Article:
We can picture the Divine as a sun with great heat and light; its rays flowing into our hearts and minds; there kindling the warmth of human love and shining the light of human wisdom. And so without this inspiration we have no goodness of our own.
My own conclusion
Even if God is the source of all that is good, that would not be enough. This is because there is still a lot of bad stuff around in the world. Part of the answer is my own personal choice; whether or not to allow goodness to flow into my mind. Just focusing on the bad in politics and society, our outlook becomes a bit warped.
To find peace and happiness, it is necessary to look outside of yourself, not to be egocentric, but to have open-heartedness, to try to be helpful. To get on with those who annoy me, I need to remain mindful of the possibility that everybody, like me, is a work in progress.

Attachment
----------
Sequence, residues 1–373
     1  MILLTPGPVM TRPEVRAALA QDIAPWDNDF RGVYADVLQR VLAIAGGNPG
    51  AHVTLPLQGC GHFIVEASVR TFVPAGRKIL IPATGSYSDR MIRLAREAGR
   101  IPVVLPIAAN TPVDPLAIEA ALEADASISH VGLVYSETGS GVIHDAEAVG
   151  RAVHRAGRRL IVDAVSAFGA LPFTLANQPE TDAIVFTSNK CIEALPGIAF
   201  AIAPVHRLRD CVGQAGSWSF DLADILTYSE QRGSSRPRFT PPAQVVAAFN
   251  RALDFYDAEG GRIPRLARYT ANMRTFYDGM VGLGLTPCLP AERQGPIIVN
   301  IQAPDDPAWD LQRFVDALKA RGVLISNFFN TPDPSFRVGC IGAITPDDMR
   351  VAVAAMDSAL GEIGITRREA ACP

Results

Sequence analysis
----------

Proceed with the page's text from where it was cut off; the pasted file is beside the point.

“Try to see the good in others. When you’re tempted to judge someone, make an effort to see their goodness. Your willingness to look for the best in people will subconsciously bring it forth.” (Marianne Williamson, inspirational speaker)
As a clinical psychologist, Stephen Russell-Lacy has specialised in cognitive-behavioural psychotherapy, working for many years with adults suffering distress and disturbance.
He edits Spiritual Questions a free eZine that explores links between spiritual philosophy and the comments and questions of spiritual seekers. You can share your views and find out more about making sense of life.
His eBook Heart, Head and Hands draws links between the psycho-spiritual teachings of the eighteenth century spiritual philosopher Emanuel Swedenborg and current ideas in therapy and psychology.